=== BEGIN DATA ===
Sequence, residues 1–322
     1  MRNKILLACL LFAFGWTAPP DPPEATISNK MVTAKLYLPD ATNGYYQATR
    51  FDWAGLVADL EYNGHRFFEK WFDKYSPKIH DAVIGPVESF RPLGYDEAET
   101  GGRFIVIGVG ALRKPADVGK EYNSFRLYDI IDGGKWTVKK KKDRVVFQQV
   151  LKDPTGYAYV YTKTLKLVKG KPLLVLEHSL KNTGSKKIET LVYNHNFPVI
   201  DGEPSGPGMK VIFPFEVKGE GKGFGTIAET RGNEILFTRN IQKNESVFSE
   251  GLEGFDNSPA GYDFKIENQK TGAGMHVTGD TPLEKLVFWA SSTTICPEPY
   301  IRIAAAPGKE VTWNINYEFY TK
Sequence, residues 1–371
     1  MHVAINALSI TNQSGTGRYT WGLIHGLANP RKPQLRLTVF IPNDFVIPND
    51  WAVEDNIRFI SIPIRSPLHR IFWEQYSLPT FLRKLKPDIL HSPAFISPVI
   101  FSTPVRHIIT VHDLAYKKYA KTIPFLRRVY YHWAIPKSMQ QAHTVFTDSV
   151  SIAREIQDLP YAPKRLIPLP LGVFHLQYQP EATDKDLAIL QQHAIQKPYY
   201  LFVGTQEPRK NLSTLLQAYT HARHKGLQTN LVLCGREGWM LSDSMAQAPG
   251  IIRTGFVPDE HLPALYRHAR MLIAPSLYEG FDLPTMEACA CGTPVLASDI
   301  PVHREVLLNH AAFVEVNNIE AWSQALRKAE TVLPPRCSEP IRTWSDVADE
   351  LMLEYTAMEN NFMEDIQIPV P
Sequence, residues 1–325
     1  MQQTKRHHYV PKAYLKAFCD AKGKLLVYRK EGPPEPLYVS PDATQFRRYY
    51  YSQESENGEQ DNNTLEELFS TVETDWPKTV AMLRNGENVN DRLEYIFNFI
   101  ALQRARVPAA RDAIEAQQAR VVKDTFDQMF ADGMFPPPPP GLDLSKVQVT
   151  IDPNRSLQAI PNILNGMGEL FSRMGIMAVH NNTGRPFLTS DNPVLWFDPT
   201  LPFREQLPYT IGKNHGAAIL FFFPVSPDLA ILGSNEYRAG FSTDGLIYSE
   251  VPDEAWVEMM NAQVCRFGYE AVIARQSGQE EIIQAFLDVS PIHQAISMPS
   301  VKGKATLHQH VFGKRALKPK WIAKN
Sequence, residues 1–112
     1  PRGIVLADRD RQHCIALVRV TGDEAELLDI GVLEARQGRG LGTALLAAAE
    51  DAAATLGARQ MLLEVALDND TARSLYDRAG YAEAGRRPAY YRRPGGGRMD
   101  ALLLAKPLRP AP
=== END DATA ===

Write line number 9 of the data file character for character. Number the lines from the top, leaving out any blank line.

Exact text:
Sequence, residues 1–371